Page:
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LISP: Practice and Experience

LISP: Practice and Experience

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LISP: Practice and Experience

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  1. LISP: Practice and Experience November 2008 LISP Implementation Team: Vince Fuller, Darrel Lewis, David Meyer, Dino Farinacci, Andrew Partan, John Zwiebel

  2. Agenda • Currently Deployed Network • Configuring LISP • Troubleshooting LISP • Q/A NANOG 44

  3. LISP+ALT Today LISP: Practice & Experience NANOG 44 NANOG 44 Slide 3

  4. Deployment Model • Currently deployed LISP network elements are 1RU PCs (“titanium”) running a LISP-capable version of NXOS • There are also IOS and Open Source implementations underway • Endpoint Identifier (EID) Assignment Strategy • The basic idea : Geographic (probably) • With “ALT-Aggregators” strategically placed within a geography • GRE tunnel topology • ALT routers have no LISP features • Debugging lisp from within ALT is problematic • ALT-Aggregators are typically “ALT-only” • Note the ALT doesn’t require GRE NANOG 44

  5. Address Families • You can also respond to a Map-Request for a v6 EID with a v4 locator (and vice versa) • Effectively 4to4over6 or 6to6over4 • We call this “mixed locators” • This allows you to, for example, connect sites deploying IPv6 EIDs over IPv4 locators without an intervening native IPv6 capable network • More on Interworking in a minute LISP: Practice & Experience NANOG 44 Slide 5

  6. xTR Configuration • Enable ITR Functionality • ip lisp itr • ipv6 lisp itr • Use the ALT to resolve mappings • ip lisp alt-vrf lisp • Enable ETR Functionality • ip lisp etr • ipv6 lisp etr • Configure an EID-to-RLOC database entry • ip lisp database-mapping <EID-Prefix> <RLOC> priority <p> weight <w> NANOG 44

  7. Configuring Mixed Locators • An ETR will typically advertise its EID-prefix into ALT • Attracts Map-Requests to the authoritative ETR • If you want “Mixed Locators” • ipv6 lisp database-mapping 2610:00d0:1200::/48 128.223.156.134priority 1 weight 100 • ipv6 lisp database-mapping 2610:00d0:1200::/48 2001:468:D01:9C:80DF:9C86priority 2 weight 100 • And if you want the Map-Reply to come back over IPv4 • ipv6 lisp etr send-ip-map-reply NANOG 44

  8. LISP PTR Config ! ! Use the LISP VRF for the ALT ! ipv6 lisp alt-vrf lisp ip lisp alt-vrf lisp ! ! Enable the PTR ! ipv6 lisp proxy-itr 2001:0468:0d01:009C::80df:9c23 ip lisp proxy-itr 198.6.255.37 That’s really it. Try http://www.lisp4.netor http://www.lisp6.net NANOG 44

  9. Case Study 1 • Turning on LISP broke external connectivity • First xTR implementation used static cache maps • Configured the box, enabled LISP • Lost all external connectivity • Learned early on that determining whether an address is an EID or an RLOC is critical • ip lisp itr forward-on-cache-miss • When we implemented ALT we had a new way of making this determination • ip lisp itr forward-on-ALT-miss • Nice that we saw this early and got it out of the way  LISP: Practice & Experience NANOG 44 Slide 9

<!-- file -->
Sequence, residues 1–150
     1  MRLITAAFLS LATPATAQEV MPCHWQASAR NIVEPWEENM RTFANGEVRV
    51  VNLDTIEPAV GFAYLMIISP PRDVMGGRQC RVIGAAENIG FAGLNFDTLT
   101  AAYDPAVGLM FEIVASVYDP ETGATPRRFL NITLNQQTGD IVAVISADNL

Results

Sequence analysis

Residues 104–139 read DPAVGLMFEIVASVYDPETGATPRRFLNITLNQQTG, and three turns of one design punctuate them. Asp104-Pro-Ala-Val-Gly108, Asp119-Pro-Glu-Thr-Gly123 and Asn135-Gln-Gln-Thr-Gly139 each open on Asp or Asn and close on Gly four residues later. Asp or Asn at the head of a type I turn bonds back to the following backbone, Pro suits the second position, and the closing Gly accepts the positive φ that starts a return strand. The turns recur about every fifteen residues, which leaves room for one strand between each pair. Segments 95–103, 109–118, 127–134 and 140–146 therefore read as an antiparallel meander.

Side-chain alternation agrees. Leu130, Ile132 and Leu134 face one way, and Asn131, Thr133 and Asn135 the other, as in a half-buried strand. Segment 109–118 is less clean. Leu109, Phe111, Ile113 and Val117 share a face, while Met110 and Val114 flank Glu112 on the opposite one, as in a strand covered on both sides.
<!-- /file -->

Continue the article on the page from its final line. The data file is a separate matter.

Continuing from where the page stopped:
10. Case Study 2 • Early code didn’t seem to be able to ping between sites • Early code couldn’t even ping • Tested under, worked • Tested over, worked • Tested through, worked (unit testing) • Tested from loopback to loopback, failed • Code needed to handle receive path decapsulation differently than forwarding path • We narrowed this down by a process of elimination, not through seeing any error messages • Receive path issues always seem to bite you LISP: Practice & Experience NANOG 44 Slide 10

  11. Case Study 3 • Problem was when IPv6 EID pinged IPv6 EID over a mixed locator RLOC • Dual stack ALT, this is a critical • MAP Reply was generated in IPv6 format • But the sending site was IPv4 only • Fix had ETR specify the address family to prefer to send replies in (assume IPv4) • This issue wasn’t unique to LISP either • Just because a host (or a site) supports an address family doesn’t mean there is an end to end path using it • As AAAA/A records have shown us LISP: Practice & Experience NANOG 44 Slide 11

  12. Lessons Learned • ALT is simple to configure and operate • Set it and forget it! • Developing a debugging methodology is critical • For web based applications at least, stretch and first packet loss are overrated • Moved from data-probes to map-requests • You need tools (LISP traceroute) • Cache optimization on ITRs is important • Benefit of Separation… LISP: Practice & Experience NANOG 44 Slide 12

  13. Open Questions • Who runs the mapping system, and what are their business models? • Can LISP be used for the IPv6 transition? • Effects of the mapping system on applications • PMTU effects • Caching behavior in xTRs • Enhancing locator reachability detection • How can we make xTRs even easier to operate? NANOG 44

  14. Questions/Comments? Contact us: lisp-interest@lists.civil-tongue.net Information: http://www.lisp4.net http://www.lisp6.net OpenLISP: http://inl.info.ucl.ac.be/softwares/openlisp Thanks! NANOG 44